Michal Zalewski has been experimenting with random corrupted JPEG and seeing how the various browsers responded. Zalewski has gone on record previously saying that in similar tests using broken HTML mark-ups Vole's IE handled things the best.
However, on the corrupted JPEG test, VoleWare was a doddle to crash and other browsers were much better at handling them, Zalewski said.
Microsoft Internet Explorer can be crashed in potentially exploitable ways quite easily, he said. There are three possible outcomes when a web browser encounters a corrupted image. The browser fails to display the image, it displays as as it can, or it crashes.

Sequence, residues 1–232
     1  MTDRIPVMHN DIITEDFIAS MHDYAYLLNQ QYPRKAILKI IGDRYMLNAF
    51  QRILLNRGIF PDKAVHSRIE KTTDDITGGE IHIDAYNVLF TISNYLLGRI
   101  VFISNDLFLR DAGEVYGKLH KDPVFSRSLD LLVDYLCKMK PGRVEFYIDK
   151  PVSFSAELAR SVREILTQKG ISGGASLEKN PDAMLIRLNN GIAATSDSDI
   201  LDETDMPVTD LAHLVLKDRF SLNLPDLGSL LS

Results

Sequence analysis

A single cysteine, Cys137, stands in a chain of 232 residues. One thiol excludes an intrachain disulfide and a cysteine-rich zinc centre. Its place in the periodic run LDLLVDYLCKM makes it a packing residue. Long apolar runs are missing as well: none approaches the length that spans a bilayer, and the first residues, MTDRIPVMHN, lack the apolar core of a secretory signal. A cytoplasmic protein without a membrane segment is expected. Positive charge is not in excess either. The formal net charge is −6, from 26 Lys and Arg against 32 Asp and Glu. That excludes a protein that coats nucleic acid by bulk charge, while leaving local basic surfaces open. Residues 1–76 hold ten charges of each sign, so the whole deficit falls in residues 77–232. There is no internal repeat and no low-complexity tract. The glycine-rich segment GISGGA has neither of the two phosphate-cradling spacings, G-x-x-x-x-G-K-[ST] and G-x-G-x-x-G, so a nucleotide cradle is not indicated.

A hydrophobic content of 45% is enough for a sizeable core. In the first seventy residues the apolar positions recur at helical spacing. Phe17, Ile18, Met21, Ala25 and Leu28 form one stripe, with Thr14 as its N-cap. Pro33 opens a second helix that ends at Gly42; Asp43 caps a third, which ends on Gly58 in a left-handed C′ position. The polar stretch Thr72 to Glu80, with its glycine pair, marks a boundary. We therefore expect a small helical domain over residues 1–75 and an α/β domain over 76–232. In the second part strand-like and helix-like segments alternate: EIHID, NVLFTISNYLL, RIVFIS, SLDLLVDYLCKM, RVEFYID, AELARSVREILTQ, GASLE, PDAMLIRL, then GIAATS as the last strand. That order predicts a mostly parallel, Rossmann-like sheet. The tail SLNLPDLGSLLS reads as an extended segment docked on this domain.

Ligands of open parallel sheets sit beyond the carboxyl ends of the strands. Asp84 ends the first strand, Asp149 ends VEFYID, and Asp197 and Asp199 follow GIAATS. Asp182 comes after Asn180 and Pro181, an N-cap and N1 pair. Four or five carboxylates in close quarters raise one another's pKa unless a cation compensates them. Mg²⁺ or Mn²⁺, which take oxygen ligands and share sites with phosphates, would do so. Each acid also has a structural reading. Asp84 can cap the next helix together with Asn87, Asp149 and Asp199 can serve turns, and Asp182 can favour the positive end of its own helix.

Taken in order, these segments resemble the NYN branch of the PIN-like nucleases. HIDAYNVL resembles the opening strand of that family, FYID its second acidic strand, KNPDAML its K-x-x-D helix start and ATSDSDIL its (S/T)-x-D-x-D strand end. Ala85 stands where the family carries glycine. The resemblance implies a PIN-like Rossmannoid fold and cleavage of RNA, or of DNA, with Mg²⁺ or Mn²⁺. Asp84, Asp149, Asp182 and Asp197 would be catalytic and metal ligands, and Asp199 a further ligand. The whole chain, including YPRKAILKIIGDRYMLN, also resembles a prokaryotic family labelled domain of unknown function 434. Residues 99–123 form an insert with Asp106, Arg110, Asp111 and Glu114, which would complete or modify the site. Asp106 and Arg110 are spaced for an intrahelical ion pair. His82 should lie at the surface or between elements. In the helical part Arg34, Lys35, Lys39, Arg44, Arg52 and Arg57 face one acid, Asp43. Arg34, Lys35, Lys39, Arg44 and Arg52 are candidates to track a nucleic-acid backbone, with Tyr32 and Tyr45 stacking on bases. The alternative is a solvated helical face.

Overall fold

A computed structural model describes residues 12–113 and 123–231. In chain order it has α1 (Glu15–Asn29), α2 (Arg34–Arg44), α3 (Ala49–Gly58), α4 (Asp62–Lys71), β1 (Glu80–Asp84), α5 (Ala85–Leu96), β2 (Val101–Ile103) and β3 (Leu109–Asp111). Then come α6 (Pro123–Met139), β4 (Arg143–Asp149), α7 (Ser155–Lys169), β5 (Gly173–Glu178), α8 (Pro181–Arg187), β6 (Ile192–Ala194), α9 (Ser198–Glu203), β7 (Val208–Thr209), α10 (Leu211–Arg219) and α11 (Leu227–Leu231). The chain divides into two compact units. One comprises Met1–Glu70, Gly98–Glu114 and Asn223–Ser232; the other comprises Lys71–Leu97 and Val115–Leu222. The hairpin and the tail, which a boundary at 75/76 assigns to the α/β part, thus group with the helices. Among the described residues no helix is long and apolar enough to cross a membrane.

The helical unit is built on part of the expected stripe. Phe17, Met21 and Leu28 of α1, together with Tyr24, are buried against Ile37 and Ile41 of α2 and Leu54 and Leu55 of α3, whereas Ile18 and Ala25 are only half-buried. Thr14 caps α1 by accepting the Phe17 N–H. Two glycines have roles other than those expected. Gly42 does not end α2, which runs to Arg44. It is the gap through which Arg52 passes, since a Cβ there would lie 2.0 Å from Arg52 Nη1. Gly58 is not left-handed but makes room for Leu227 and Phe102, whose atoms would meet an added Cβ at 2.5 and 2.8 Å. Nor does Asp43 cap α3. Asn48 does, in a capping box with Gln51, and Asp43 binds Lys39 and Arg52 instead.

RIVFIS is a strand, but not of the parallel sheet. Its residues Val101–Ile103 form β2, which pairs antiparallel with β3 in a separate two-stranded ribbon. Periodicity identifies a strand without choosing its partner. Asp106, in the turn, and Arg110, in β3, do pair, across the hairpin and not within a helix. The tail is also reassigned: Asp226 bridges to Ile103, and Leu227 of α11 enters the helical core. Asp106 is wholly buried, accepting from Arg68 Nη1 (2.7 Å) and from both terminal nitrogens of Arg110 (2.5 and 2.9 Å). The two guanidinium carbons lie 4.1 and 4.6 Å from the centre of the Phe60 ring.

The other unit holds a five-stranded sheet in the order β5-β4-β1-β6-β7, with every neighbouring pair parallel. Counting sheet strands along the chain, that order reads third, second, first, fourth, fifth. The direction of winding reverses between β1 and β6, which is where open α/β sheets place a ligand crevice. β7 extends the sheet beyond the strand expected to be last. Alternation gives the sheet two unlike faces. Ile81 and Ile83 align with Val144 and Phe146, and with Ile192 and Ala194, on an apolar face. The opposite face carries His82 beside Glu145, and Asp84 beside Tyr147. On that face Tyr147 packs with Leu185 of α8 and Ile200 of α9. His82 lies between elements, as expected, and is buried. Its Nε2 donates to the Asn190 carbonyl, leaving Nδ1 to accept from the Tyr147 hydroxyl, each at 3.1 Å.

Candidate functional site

Software crashes were a sign that the Volish programmers had not written code that could take corrupted input into account. Many of the crashes were associated with memory corruption, he said.
If a hacker or hackerette were to use corrupted JPGs, he or she could control memory corruption, he or she could then easily alter the program and take over your computer, Zalewski warned.
More on this at the Sydney Morning Herald . µ
Will revolutionise online shopping, apparently
A more affordable alternative to the Lumia 1520
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